The rising price of luxury goods seems to be the latest controversial topic, as evidenced by the latest news articles, comments on social media, and op-ed articles on Business of Fashion and Vogue Business.
Recently, when a journalist interviewed me for a similar article, she asked about the ‘tactics’ behind such price increases, and what the luxury brands were aiming to do. The question requires a thoughtful and thorough analysis. In almost every article I’ve read on the subject so far, there’s an underlying tone; one that implies that somehow luxury brands are doing this as part of their strategy, or because they just want to sell expensive items with the highest markup possible. In fact, the truth is something quite different.
The luxury brands are not employing some special tactic, strategy, or deliberate upward spike in pricing. In deciding to write this article, I’m bringing my own behind-the-scenes experience as someone who has worked in the industry from the age of 16, first as a translator in the leather industry, and then from the age of 22, as the founder of a luxury leather goods label. It has been 20 years of entrepreneurial experience, and I’m hoping this article paints not only an objective picture, but also offers a glimpse into what goes into making a handbag. Hence, what’s in the price of a handbag?
Aside from a response to inflation, let’s look at what’s behind the quarterly (or even more frequent) price increases from luxury brands like Chanel, Louis Vuitton, and others:
The first reason behind the price increases is not exactly a motive (which would imply an agenda), but simply a financial one. As an entrepreneur and the owner of my own luxury leather goods label, I know first-hand what goes into creating products and making leather goods. It is a highly detailed and painstaking process that involves many different stakeholders from suppliers to packaging, to marketing, accounting, distribution, merchandising and so on. When the cost of raw materials or any component that goes into making, producing and distributing the goods increases, the price of the luxury goods needs to increase as well. Otherwise, it won’t make financial sense. It’s just pure business.
For example, we use palladium in our metal accessories. Only a year ago, 1 gram of palladium cost 32 euros; the same amount this year costs nearly twice as much at 63 euros. There is also an increase in the price of gold. We used to have our metal chains, each one about 50 cm long, gold coated for 3 euros; this year the price is 7 euros. And consider leather: this year, the price has increased by 30 percent.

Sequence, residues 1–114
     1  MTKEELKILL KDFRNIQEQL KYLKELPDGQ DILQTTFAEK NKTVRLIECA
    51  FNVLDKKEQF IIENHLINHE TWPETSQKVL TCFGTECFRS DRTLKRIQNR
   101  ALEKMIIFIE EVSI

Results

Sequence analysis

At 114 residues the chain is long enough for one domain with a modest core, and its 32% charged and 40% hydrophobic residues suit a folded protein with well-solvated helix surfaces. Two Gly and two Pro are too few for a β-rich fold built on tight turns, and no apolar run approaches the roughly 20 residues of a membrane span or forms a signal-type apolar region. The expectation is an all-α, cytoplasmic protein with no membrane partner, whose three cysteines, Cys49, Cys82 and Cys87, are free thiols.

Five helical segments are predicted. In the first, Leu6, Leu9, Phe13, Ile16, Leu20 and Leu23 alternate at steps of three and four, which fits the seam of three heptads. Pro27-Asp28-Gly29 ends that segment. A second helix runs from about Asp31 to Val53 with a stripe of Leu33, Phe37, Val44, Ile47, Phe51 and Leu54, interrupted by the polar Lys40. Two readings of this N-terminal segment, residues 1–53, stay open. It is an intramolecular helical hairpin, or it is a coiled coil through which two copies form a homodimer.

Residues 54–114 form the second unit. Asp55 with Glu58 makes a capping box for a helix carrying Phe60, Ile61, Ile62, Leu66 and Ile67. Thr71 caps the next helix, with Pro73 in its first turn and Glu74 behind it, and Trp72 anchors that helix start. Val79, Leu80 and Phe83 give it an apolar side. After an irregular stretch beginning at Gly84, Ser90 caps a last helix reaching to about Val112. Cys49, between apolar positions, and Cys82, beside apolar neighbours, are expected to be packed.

The second reason for the increasing prices is a growing awareness on the part of both luxury brands and their consumers with respect to sourcing and transparency. Luxury brands are required to perform due diligence concerning their purchase of raw materials. A few years ago, simple quality would have been sufficient. But today, they need to know if the raw materials have been produced following health guidelines (for example, no longer can luxury leather manufacturers use carcinogenic dyes). Today, Lorenzo Prada—son of Miuccia Prada and Patrizio Bertelli and head of Prada’s marketing division—has said that the aim is to be profitable and sustainable, because in reality sustainability, ethics, and due diligence can increase the cost of producing luxury products, especially if it’s done properly and not as mere window dressing.
A third reason prices are increasing is because luxury brands used to produce goods in China, and production has now shifted to Europe. This has obviously increased the costs of producing goods. For those making the shift and starting all over again in Europe, the challenge has been finding the geographically closer talent, factories, and materials that they had before moving to China. Starting afresh in Europe hasn’t been a simple matter of picking up where they left off years ago.
How might a consumer navigate luxury brand price increases?
Price increases in luxury brands are nothing new, and they are luxury brands because customers see something of unique value in them and are willing to pay a premium price. Luxury brands, however, have also recognized there is another market to capitalize on: consumers who still want their products, but cannot afford the price tags of the brand-new goods, so go to second-hand, consignment boutiques (and sites) to shop. This is the reason we see luxury conglomerate Kering group investing in Vestiaire Collective, a purveyor of pre-owned fashion at reduced prices.
My advice for the consumer is to check out sites where they can find perfectly beautiful products, for a relatively reasonable price. My other advice is to buy less, and only buy items they really love and will use.
I believe shopping with a lot more awareness is key, and I do see this consumer shift continuing especially after the pandemic. What we value, and what brings us happiness, are not the material things, but experiences – travelling with loved ones, sharing a meal with a friend, playing in the park, hugging someone. We have understood all too well these past many months, and I hope we continue to understand, what luxury truly means.